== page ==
@taco_sushi, empathy on my part. I don't think you ever said you were going to day trade, but you're getting responses that sound like they think you did. You can be actively involved in analysis every day, eagerly engaged in the markets, without quite day trading. You may well have the discipline to deploy a firm "no trade" for weeks at a time if needed. I also empathize with the idea that, by having some skin in the game, your existing pleasurable habit of studying the fascinating markets becomes even more exciting.
...
Do I think it's impossible to beat the market? I think that there are people who do it every day, and a few will stay ahead until they die. Jacob Lund Fisker purports to know several personally. It's still only a few people, maybe one in a thousand out of those who try it, and the majority keep their success private.

Of course, if you are going to be one of the few, I would love to hear play by play from time to time. :)

ETA: The "gold" above was referring to @ChpBstrd, @Financial.Velociraptor, @MustacheAndaHalf. I see you replied to them while I was typing. Good luck on your adventures.

PS. You've probably already seen Boarder42's various posts about small cap value. If not, and you're looking for long term high returns, they might be worth reading too?

Thanks for your thoughtful reply and tips to Boarder42 - will read! Of course, this being MMM, you will get a Moustacian perspective and that's what I'm looking for!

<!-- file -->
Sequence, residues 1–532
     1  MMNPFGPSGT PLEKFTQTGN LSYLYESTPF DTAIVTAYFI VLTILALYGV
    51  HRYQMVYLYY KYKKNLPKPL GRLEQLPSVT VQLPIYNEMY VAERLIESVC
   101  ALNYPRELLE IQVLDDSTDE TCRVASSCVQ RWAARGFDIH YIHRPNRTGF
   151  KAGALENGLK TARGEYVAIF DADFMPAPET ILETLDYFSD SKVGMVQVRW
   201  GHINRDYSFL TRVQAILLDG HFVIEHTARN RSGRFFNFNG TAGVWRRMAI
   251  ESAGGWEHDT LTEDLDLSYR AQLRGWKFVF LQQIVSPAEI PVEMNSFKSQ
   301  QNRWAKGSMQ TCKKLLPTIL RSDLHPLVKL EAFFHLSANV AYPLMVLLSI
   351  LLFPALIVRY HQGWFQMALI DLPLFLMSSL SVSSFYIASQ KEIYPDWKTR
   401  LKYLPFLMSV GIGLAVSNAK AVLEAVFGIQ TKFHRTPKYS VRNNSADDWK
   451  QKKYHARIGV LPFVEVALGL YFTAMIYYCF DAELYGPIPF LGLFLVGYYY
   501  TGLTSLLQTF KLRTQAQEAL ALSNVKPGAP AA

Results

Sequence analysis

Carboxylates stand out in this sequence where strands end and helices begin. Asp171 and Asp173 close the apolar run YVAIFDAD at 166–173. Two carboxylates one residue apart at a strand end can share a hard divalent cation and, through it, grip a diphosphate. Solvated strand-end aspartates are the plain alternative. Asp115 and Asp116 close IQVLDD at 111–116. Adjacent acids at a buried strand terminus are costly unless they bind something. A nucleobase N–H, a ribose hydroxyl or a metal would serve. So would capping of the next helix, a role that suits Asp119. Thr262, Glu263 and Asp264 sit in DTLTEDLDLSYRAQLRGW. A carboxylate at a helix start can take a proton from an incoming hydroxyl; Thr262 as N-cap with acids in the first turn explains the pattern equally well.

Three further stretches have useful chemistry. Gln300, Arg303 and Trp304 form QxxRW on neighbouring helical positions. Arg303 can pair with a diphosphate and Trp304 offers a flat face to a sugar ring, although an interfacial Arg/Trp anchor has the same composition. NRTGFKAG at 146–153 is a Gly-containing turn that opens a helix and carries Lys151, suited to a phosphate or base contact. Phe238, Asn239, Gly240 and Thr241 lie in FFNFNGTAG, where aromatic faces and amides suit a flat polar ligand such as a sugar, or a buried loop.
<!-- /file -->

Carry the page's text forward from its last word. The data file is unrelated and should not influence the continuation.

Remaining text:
I'm also engaged in subreddits groups: r/thetagang, r/options, r/stocks, r/dividends, and boglehead forums -- each with a different view on wealth generation. I try to adopt core elements from all the disciplines, almost like a financial Martial Arts, or UFC style. 

Stocks are great for its flexibility. I can shift my portfolio to ETFs and S&P if I'm no longer confident on beating S&P, or wish to spend my time differently. For now, I find the markets fascinating and it's a social activity where I debate investments with friends and redditers. haha

Thanks for listening and the best wishes.


Niceday

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Re: Options Trading Income to Supplement Baby Fat Fire
« Reply #12 on: October 21, 2021, 11:56:34 PM »
I also echo Financial.Velociraptor's comments.

My suggestion is don't do it(don't trade options).